Service Request FormThe service request form only has two required fields: subject and request type. The subject (or title field) is required by SharePoint. We use it to generate a subject line in outgoing emails, which are generated by workflows and are automatically routed to both the requestor and the assignee(s). The request type field determines who is assigned to (and receives) the request. For example, if the head of reference fills out a request and chooses ILLiad as the request type, then the systems librarian and the information systems specialist are both assigned to the request;if remote access is chosen as the request type, then the systems librarian and serials librarian receive the request. Having multiple people assigned to any given request also ensures that someone gets the issue if other members of the request type group are away from the office. As a fail-safe, there is a management group, which also receives copies of all emails submitted by the request form.

This functionality eliminated the need for staff to have to figure out to whom to report which problems; they simply needed to know what kind of problem they were experiencing. Initially, we included under request type only those areas that were the direct responsibility of the systems department, such as the website, ILLiad, ILS (HIP/Horizon), SharePoint, and WordPress. We also included “other” as a request type to serve as a catchall for anything that did not fit the other categories; systems staff would route those requests to the appropriate people. As Help Central grew, other request types and library staff were added to the system. For instance, we divided the library website into four request types (News, Database Page, FAQ Page, and Joomla!) and used workflows so that each of those requests gets assigned to the people responsible for those areas. We also added a request type for “resource issues,” which is intentionally broad and vague and goes to the most people. This request type is for any problem involving library resources, such as ejournals, ebooks, and databases. This request type includes the most people because it can sometimes be difficult to tell if the issue is with the database, with a specific journal, with an ebook, or with a website. All the requestor has to know is that there is an issue with a resource, while the five people who received the request know who handles each type of issue.

SharePoint workflows automatically notify the requestor and the assignee(s) when a service request is submitted and then again when the service request is closed. The notifications are sent via email messages with the subject line “Help Central: [Subject originally entered].”

Since all emails from Help Central come from a single email address and all have the words “Help Central” at the beginning of the subject line, it is easy to create Outlook rules for them too.

Once created in Help Central, the request is in a central place where both the requestor and assignee(s) can track the service request via specialized dashboards with dynamic views for both requestor and assignee(s). At this point, the request can be edited to include much more information about the issue.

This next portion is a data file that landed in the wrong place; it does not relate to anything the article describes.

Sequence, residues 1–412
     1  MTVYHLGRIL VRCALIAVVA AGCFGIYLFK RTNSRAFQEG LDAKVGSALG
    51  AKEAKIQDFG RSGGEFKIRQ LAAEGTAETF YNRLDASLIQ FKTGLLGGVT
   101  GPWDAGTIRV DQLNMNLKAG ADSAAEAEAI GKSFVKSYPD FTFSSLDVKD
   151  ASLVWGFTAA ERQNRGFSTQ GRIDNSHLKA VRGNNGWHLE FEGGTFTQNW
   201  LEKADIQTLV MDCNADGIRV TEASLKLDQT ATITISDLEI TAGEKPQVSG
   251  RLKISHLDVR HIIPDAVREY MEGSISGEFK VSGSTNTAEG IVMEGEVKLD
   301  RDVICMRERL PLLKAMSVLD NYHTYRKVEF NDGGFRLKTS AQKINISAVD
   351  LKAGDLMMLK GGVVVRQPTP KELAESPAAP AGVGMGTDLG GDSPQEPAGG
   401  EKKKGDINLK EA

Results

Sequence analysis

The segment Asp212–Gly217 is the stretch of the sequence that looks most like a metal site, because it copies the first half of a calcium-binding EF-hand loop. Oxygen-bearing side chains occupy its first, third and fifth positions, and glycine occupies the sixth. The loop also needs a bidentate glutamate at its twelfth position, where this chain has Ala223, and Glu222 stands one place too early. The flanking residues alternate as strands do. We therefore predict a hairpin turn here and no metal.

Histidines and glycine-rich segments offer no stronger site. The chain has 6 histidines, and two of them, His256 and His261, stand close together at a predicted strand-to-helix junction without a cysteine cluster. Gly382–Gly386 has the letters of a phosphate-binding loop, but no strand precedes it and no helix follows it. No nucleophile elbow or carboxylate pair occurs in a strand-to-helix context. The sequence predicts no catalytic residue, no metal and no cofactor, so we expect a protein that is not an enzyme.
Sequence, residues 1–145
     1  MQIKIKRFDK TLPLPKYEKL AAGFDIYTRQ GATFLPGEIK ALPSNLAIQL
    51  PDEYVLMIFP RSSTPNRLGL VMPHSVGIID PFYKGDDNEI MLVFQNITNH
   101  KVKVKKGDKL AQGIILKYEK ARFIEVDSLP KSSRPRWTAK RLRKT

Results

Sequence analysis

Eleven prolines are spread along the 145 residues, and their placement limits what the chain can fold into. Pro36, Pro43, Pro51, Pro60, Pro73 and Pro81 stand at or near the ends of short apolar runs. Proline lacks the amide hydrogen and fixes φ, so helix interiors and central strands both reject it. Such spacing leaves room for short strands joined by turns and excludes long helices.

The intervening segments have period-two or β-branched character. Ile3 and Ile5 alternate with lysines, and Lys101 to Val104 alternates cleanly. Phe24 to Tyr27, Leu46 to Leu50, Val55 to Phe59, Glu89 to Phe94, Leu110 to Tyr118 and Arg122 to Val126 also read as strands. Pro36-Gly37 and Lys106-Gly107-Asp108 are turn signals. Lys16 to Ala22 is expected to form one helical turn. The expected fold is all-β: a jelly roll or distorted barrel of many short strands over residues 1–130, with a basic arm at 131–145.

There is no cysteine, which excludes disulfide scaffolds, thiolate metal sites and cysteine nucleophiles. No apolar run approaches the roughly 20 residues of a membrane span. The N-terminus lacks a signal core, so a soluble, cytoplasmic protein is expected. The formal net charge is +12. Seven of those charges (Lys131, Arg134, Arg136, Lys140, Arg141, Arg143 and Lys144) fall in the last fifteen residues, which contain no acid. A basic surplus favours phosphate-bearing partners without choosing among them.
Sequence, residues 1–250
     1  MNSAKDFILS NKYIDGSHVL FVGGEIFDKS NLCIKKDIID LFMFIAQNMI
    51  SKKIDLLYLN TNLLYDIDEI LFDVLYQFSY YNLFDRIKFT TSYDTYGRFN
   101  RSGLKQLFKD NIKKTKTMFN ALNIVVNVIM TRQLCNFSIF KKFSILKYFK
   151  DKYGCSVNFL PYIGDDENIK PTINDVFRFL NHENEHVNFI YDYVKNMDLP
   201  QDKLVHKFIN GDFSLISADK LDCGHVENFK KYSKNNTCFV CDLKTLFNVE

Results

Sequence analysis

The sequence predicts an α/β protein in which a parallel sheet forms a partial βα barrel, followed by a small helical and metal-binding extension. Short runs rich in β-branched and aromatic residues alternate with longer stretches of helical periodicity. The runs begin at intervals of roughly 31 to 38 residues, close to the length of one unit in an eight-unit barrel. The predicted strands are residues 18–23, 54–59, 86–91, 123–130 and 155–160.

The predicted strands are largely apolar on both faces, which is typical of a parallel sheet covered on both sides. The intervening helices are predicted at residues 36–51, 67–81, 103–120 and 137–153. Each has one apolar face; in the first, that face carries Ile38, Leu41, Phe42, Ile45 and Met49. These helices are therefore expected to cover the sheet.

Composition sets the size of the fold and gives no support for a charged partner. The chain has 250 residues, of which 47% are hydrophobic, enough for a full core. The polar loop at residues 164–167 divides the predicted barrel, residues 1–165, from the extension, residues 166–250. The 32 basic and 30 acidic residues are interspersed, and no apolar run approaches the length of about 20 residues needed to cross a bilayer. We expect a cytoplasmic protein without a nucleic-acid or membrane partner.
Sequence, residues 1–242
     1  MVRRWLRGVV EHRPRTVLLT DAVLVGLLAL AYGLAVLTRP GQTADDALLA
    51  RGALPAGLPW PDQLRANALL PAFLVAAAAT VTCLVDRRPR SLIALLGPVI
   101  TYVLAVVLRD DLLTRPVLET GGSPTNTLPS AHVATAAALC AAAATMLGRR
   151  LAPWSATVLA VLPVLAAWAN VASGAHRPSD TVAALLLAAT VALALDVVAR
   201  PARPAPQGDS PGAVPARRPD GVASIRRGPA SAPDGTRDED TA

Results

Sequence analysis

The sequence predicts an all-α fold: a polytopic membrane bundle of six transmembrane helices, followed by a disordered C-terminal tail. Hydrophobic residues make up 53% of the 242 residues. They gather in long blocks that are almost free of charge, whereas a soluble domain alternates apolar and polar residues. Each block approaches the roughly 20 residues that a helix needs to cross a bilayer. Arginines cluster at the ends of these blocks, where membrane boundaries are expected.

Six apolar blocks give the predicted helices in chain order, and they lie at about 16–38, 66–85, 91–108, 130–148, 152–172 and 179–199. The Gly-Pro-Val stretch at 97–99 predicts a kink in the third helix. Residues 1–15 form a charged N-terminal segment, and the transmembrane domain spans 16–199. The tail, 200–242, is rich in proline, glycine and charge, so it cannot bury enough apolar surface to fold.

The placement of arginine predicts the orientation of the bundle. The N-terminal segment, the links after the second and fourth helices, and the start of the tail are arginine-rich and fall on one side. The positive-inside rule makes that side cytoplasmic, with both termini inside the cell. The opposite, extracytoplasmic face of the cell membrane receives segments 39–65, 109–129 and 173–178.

Tracking, Monitoring, and Reporting

Keep in mind that in SharePoint, views and reports can be created from any of the fields. “Task status,” for instance, is a very useful field for monitoring purposes. We started with just three status indicators, but now, we have seven: Not Started (default), In Progress, Completed, Deferred, Watching, Waiting on Someone Else, and Cancelled. Users can view all service requests and then filter the list so only the jobs in progress are displayed.

For those staffers assigned to work on multiple request types, sorting by request type and then by task status is extremely useful. Sorting by assignee is also a great tool for supervisors.

SharePoint’s reporting capabilities really shine through in Help Central. The data gathered through the service request form can be tabulated in a variety of ways. Data can be tied to Excel, providing up-to-date information at any point. Pivot lists and charts, which are excellent for annual reports, can be dynamically created that show, by date, how many requests were completed by requestor, assignee, request type, etc. These spreadsheets also serve as a useful backup. Data can also be linked to an Access database, which provides even more powerful reporting capabilities. For example, an SQL query can be written to update statements, which can join multiple lists or update several items at once. Web parts that show average resolution time, status, and priority can be developed in SharePoint Designer. This functionally really shows where staff time is being spent and can dramatically illustrate if something is maybe more trouble than it is worth. If there was no other benefit from Help Central, the data compilation alone would be worth using the form.

Sorting Our Recurring Problems and Continuously Improving